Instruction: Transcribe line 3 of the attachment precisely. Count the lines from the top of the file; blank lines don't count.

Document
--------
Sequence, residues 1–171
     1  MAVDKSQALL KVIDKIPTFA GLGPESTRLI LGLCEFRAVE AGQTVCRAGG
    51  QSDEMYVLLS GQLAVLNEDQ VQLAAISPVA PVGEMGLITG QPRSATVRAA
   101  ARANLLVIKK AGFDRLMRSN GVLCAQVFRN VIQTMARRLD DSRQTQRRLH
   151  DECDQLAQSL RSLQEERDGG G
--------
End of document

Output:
    51  QSDEMYVLLS GQLAVLNEDQ VQLAAISPVA PVGEMGLITG QPRSATVRAA